An installation tech locks a wrench against a loose fastener nut. On the other side, another wrench turns steadily. The bolt tightens because the correct amount of torque has been applied. Of course, powered hand tools perform this operation faster, but they still need to apply adequate turning force. Otherwise, the bolt will fail. By the way, doesn’t that last bolt look a little loose?

Assessing Loose Nuts and Bolts

If we were to gauge the applied tightening force with a hand, the secured nuts and bolts would seem tight. The tech would put down the tools, tucking them away in his toolbox, then grab the nut with two fingers to check for fastener tightness. Well, this reckless methodology just doesn’t work, does it? Sure, the nut has stopped its travel up the threads of the bolt, but it’s not secure. Left like this, the fastener will loosen and the anchoring action will fail. Obviously, therefore, more torque is required to properly ensure a secure lock.

Applying Too Much Tightening Force

What about too much torque? What happens when a distracted and possibly overmuscled technician applies too much locking force to a nut? Overtightened fasteners wear quickly. They stretch and strain, then they fracture when a transient force is experienced. Alternatively, the metal threads become stripped. They’ve sheared away because the installer has exceeded the bolt’s rated metallic endurance. If the threads on the nut are softer, then they’re the set that fails. Without these sharply formed threads, nuts and bolts simply cannot tighten.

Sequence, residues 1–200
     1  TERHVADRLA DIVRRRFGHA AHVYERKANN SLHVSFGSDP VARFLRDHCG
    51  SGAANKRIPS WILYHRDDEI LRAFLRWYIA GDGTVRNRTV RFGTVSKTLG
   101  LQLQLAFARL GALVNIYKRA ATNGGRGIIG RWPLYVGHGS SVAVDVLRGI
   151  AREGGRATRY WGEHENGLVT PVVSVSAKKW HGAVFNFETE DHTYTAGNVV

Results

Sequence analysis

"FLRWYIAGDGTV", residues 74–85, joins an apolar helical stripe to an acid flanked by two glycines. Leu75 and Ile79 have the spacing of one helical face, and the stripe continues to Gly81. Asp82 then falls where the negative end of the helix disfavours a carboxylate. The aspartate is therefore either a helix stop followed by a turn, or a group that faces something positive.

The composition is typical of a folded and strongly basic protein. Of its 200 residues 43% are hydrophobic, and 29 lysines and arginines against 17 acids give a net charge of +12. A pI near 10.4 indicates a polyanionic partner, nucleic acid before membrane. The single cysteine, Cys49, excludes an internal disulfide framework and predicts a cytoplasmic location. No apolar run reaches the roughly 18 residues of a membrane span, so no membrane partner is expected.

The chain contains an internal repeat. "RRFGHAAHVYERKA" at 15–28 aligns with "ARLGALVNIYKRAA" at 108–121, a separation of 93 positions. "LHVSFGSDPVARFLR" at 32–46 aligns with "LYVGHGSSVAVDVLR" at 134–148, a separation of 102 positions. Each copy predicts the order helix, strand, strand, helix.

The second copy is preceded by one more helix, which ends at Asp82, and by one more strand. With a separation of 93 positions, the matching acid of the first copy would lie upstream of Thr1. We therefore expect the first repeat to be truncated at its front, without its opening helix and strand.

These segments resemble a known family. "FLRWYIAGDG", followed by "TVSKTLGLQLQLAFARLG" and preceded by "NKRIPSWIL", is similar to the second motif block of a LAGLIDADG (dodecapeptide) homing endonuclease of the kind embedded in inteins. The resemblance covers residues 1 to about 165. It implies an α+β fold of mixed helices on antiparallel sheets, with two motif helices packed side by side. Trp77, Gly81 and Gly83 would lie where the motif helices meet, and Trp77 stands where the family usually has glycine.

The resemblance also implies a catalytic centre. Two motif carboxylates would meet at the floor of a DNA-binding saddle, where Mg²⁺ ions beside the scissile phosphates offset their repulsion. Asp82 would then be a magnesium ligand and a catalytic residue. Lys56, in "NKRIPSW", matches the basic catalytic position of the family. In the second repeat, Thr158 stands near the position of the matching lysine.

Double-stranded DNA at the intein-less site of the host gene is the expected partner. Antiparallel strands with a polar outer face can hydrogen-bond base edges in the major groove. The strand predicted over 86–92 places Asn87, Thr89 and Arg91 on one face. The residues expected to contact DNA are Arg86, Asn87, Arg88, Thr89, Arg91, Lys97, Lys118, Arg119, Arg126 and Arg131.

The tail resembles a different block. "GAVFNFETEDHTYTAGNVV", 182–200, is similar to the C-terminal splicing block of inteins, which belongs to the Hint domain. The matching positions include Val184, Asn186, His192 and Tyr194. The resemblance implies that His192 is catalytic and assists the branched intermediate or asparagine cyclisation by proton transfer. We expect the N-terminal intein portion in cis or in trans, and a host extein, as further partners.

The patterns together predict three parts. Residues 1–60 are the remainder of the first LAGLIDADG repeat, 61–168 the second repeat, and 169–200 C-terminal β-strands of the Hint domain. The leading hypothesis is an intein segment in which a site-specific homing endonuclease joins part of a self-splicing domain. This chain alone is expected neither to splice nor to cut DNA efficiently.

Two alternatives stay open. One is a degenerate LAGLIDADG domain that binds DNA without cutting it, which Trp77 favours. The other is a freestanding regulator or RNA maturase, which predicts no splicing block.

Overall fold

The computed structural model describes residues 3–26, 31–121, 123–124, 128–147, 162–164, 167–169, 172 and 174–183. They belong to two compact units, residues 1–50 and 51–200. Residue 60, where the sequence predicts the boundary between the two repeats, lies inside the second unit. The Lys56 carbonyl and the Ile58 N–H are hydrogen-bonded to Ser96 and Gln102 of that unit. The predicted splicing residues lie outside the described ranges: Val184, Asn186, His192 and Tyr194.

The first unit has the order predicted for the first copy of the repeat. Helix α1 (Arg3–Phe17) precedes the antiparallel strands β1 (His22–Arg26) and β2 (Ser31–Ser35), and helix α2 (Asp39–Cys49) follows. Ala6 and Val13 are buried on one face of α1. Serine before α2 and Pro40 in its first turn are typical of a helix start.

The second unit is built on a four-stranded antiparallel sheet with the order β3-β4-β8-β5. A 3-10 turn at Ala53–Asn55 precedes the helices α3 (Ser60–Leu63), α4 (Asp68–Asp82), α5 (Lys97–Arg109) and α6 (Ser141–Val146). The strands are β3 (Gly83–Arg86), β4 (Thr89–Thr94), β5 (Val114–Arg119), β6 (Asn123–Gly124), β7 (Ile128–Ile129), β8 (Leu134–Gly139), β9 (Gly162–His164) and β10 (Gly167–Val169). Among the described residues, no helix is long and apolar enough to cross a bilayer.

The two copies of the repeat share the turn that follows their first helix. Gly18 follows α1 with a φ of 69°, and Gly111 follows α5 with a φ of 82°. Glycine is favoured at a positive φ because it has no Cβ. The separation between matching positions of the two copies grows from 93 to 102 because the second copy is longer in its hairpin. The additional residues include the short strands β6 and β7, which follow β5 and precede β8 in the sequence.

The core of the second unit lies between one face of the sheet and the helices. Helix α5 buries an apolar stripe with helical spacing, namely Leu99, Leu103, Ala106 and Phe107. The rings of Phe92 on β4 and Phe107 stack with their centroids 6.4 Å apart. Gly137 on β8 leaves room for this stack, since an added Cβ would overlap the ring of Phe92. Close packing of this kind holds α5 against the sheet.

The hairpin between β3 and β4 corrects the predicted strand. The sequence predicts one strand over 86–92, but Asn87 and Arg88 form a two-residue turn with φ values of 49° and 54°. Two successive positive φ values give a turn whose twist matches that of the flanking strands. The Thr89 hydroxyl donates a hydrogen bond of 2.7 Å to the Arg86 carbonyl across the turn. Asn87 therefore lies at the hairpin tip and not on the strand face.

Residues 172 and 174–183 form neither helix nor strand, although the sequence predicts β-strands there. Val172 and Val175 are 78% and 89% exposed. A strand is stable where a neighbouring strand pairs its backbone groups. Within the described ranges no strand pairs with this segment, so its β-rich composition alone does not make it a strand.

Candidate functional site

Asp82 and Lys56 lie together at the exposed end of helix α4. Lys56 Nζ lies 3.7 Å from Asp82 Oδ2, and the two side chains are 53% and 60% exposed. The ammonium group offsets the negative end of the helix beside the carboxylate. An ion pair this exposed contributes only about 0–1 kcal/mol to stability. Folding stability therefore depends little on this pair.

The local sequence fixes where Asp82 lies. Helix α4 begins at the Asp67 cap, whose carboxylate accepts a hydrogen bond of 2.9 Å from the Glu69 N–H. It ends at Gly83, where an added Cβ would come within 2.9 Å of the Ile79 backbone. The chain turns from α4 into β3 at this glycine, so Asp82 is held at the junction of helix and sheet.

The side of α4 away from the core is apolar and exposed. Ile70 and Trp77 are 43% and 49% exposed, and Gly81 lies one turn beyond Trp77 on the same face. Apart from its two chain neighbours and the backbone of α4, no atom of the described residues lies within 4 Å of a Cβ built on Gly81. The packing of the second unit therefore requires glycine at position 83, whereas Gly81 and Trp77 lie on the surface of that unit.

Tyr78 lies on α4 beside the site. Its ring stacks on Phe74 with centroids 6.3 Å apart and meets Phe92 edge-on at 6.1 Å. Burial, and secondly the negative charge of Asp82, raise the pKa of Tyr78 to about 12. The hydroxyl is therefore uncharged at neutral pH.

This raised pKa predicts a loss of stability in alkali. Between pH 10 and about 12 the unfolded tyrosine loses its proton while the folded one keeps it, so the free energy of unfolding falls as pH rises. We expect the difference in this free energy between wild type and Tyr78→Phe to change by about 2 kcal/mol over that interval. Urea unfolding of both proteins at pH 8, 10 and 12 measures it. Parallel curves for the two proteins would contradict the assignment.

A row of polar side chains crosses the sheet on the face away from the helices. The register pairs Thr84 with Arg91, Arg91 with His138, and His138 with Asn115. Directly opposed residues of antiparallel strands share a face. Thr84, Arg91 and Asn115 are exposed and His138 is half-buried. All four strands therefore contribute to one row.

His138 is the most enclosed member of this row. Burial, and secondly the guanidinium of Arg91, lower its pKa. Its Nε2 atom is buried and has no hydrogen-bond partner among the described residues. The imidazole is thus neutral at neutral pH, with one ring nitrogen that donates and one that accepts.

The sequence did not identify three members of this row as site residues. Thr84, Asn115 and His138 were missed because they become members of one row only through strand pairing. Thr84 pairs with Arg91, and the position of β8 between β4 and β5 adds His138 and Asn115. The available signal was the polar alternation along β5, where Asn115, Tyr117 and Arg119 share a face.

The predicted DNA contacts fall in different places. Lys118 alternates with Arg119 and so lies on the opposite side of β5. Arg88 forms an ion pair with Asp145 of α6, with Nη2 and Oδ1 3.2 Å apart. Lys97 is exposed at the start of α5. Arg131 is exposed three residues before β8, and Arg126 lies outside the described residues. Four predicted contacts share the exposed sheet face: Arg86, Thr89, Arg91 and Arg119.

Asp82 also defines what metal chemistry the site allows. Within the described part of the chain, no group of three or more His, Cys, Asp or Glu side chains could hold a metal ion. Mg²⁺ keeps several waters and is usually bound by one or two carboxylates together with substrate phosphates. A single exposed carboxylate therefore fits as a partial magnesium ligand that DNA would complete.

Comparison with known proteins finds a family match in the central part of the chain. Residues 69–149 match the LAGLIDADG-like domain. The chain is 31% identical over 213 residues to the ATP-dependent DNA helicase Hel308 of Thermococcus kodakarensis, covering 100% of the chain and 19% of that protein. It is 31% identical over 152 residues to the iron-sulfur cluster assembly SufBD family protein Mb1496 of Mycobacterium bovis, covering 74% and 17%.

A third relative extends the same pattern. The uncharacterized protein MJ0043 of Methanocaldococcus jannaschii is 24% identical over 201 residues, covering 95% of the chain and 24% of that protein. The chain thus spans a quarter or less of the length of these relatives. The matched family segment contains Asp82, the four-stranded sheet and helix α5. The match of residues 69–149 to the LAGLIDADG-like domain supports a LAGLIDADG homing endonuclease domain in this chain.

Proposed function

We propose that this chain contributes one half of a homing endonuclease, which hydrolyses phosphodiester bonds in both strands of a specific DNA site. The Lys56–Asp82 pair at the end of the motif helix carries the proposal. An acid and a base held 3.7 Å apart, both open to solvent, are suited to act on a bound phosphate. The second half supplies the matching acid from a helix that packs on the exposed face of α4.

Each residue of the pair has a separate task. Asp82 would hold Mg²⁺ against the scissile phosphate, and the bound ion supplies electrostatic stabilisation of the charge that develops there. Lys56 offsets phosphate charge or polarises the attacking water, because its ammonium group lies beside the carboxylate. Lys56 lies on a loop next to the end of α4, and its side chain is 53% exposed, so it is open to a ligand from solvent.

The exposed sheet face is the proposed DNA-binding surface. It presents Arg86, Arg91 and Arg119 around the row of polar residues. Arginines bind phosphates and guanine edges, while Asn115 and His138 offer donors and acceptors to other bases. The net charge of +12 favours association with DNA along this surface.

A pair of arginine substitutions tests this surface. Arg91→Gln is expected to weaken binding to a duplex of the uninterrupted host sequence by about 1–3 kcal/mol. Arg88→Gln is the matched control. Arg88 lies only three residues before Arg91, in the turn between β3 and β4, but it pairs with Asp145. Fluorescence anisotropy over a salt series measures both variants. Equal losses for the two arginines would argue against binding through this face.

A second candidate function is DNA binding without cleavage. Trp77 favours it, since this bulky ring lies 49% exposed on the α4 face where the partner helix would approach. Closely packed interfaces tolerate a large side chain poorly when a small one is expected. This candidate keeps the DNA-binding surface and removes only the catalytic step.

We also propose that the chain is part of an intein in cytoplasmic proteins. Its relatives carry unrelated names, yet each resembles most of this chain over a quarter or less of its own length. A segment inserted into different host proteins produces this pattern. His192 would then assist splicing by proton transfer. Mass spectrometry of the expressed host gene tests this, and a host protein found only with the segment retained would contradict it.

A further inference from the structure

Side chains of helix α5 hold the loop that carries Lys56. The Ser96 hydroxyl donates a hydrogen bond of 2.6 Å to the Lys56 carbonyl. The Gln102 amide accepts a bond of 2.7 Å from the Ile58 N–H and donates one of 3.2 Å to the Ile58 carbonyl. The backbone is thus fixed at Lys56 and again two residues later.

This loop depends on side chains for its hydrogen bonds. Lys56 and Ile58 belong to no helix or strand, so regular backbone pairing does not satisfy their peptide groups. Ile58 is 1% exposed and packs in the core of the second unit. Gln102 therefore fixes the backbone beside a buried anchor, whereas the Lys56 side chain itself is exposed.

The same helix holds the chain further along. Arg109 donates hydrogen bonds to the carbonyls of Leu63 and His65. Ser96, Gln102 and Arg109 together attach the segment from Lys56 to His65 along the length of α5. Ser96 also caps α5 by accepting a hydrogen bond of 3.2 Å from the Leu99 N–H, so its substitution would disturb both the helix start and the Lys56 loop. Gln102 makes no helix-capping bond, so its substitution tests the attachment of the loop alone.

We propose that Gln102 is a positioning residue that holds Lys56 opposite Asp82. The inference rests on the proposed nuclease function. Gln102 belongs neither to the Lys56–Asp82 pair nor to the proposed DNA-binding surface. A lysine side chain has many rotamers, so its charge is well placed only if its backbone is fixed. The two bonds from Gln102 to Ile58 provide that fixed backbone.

The Importance of Proper Fastener Torque

Think about a car, about its spinning wheels. Rolling down a highway at close to 1000-RPMs, proper bolt and nut tightening practices are essential here. Locked properly to the wheel axle, wheel nuts cannot loosen. Furthermore, the wheel bolt shanks can’t fracture if they’re tightened properly. That’s an axiom that applies to every fastener. Installed in a moving machine or a housing that contains moving parts or simply on a surface that holds two or more weighty loads, proper nut and bolt tightening practices ensure a secure structural lock.

Correct locking torque, as used in the fastener industry, goes far beyond what can be felt by touch. It’s the last half turn, the direct stress experienced by the bolt shank as it elongates very slightly until the applied force offsets the rated torsional stress that engages the shank threads, nut, and bolt head. Dropped into the sweet spot that exists between a loose coupling and an over torsioned one, properly tightened nuts and bolts won’t disengage, nor will they fracture.

Get in touch

TCI Fasteners – Topcope
13 Slater Parade, Keilor East VIC 3033 Australia

Telephone: (03) 9336 0155